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Petitions beg Google to reconsider closure of Reader

Within a few hours of the announcement of the RSS reader's retirement, thousands sign petitions asking that the Web giant save the service.

Google's decision to sunset its Google Reader has proved a wildly unpopular one, and users of the RSS reader have turned to popular medium for effecting change: the online petition.

Google announced this afternoon that it will shutter the service in July. In a company blog post today, Google said the decision was based on declining usage of the RSS reader, which was launched in 2005.

Many turned to Twitter to express their disappointment with the decision. While some said they relied heavily on the service, others admitted their use had become less frequent. Still, others said Google greed was behind the move:

Within hours of the announcement, a handful of petitions popped on the Web asking the Web giant to reconsider its decision.

One such petition at, titled Google: Keep Google Reader Running, had already attracted more than 3,300 signatures. Daniel Lewis of New York, who launched the petition, blamed Reader's declining usage on Google's decision to remove share and comment functionality:

Our confidence in Google's other products -- Gmail, YouTube, and yes, even Plus -- requires that we trust you in respecting how and why we use your other products. This isn't just about our data in Reader. This is about us using your product because we love it, because it makes our lives better, and because we trust you not to nuke it.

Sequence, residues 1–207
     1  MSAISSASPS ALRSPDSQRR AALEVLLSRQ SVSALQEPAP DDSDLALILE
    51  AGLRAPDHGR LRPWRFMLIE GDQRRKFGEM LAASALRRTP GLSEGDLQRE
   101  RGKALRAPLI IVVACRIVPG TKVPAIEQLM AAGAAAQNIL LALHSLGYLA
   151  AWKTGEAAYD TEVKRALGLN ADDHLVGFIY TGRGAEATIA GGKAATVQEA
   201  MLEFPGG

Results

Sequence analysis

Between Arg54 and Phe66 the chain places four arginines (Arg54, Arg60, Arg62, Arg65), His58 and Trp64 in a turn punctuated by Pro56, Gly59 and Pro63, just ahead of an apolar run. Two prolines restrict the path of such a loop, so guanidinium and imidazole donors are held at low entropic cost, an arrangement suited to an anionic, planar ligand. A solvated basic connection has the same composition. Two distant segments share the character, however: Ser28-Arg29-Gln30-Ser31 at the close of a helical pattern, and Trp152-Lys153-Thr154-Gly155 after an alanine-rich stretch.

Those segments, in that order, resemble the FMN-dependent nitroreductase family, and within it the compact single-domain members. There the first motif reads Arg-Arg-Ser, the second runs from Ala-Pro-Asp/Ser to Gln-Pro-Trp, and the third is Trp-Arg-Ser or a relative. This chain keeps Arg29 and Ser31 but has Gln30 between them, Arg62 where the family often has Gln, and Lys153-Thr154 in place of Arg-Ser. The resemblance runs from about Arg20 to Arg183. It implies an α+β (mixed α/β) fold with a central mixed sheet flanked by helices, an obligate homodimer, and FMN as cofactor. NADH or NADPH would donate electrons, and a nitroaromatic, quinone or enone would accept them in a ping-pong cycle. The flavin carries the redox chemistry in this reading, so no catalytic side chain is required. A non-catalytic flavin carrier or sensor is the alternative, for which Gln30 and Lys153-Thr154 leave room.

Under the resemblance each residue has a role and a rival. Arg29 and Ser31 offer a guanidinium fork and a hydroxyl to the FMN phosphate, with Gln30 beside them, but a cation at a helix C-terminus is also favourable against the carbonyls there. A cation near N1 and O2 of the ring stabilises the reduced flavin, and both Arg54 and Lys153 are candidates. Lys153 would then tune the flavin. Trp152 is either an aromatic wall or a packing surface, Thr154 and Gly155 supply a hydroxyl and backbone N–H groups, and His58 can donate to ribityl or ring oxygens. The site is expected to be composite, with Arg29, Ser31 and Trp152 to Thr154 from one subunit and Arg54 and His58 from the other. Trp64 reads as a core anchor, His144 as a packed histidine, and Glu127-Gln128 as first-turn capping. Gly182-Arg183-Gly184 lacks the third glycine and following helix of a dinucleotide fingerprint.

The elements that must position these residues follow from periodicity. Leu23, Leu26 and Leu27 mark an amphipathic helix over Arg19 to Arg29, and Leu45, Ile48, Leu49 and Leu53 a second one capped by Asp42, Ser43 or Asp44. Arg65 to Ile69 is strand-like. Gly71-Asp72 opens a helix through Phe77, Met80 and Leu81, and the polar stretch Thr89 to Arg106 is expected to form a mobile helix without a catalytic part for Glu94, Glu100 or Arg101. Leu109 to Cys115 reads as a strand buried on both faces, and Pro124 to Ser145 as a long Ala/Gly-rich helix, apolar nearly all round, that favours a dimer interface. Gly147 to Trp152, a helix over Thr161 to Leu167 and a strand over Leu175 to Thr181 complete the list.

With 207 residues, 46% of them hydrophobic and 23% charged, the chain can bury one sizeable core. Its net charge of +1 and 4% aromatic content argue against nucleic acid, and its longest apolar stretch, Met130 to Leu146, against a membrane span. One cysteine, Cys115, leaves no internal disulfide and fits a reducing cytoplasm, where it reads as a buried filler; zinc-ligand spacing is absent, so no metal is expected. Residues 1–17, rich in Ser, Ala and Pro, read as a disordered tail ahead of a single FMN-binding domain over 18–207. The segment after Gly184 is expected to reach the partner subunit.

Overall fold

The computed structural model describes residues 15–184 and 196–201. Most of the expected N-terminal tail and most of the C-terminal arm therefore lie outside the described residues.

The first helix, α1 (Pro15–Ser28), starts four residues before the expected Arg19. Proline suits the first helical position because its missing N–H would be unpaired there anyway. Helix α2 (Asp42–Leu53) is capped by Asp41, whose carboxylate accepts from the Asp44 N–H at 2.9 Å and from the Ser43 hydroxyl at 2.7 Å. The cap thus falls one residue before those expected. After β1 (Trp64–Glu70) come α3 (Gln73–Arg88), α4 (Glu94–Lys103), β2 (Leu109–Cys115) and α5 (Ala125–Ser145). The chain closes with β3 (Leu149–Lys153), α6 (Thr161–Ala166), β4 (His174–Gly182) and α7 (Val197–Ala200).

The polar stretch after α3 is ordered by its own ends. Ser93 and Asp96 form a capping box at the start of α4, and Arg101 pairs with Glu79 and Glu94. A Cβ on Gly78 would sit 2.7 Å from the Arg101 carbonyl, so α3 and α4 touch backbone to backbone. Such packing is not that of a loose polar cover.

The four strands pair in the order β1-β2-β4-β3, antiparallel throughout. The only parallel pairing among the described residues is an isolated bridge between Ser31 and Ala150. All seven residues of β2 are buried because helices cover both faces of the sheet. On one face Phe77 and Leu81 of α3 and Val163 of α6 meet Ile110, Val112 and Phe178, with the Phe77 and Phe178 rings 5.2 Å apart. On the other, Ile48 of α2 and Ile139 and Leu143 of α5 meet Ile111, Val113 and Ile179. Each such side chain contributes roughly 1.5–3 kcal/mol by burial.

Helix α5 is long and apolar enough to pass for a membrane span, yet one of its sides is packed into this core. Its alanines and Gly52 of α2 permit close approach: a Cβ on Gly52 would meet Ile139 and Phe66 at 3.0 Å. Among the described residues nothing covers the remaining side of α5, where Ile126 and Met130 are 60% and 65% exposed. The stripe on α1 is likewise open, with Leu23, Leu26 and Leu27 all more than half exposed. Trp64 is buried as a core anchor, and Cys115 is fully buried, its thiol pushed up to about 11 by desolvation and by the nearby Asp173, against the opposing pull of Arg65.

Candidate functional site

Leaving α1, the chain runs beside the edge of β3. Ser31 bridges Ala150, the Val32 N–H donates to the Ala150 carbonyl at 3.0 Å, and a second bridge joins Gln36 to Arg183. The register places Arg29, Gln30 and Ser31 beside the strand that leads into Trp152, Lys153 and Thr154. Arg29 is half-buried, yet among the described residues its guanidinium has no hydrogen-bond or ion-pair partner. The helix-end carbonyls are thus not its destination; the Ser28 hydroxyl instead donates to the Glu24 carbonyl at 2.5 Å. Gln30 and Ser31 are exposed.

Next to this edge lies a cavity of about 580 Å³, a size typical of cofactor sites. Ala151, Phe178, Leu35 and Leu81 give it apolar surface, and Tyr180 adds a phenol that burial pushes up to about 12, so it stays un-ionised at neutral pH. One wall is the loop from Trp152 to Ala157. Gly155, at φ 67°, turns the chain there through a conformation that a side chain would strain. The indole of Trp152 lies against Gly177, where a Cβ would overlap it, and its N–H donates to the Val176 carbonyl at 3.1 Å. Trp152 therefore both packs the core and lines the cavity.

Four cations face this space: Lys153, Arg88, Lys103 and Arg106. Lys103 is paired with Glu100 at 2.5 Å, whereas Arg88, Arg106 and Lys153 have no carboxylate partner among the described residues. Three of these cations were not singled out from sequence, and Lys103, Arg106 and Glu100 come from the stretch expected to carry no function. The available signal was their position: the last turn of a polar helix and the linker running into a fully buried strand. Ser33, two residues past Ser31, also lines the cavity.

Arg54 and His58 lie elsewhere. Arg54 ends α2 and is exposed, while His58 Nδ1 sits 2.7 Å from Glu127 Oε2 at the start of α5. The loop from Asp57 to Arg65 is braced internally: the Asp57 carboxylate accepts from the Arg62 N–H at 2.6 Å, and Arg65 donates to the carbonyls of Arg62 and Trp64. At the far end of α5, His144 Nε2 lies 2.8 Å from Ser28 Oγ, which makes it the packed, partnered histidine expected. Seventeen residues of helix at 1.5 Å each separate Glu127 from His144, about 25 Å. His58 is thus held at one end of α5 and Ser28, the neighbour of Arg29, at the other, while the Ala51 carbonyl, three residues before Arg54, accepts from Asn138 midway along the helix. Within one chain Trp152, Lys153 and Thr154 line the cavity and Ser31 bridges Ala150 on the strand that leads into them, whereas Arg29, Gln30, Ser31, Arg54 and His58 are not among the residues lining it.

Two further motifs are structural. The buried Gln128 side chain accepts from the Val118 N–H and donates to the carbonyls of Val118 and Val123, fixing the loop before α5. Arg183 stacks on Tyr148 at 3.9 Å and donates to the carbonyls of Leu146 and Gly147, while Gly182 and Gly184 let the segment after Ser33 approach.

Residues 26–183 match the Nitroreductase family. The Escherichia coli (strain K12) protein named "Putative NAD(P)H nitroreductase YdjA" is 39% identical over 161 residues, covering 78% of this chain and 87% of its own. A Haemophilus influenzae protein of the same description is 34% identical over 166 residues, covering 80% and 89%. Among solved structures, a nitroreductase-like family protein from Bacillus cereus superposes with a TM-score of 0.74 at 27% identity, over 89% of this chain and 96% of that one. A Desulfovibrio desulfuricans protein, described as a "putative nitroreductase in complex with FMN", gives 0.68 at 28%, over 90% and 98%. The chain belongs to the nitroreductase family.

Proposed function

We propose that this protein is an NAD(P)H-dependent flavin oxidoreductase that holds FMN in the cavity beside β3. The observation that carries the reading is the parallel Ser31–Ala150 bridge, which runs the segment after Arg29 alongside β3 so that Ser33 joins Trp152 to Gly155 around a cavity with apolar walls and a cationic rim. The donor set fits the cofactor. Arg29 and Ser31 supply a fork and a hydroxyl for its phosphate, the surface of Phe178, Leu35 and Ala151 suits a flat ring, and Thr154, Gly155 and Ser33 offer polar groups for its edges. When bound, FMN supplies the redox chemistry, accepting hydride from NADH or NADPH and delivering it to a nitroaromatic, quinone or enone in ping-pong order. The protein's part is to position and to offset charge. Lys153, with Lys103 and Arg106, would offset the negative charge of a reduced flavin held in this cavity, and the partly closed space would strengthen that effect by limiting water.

"Many of us use Google Reader on a daily basis to keep track of our favorite blogs, archive tweets, keep updated on specific craigslist searches, and for many other uses," writes Tim Wilson of San Francisco on another petition, which garnered hundreds of signatures in just half an hour. "Its simplicity is its strength."

Google also announced the retirement of a handful of other features and services, but their loss doesn't seem to have inspired their users to revolt in the way Reader users have.

While other online petitions have succeeded in winning President Obama's support for laws legalizing cell phone unlocking, it's unknown how these petitions will be received at Google.

CNET has contacted the Web giant for its reaction to the petitions and will update this report when we hear back.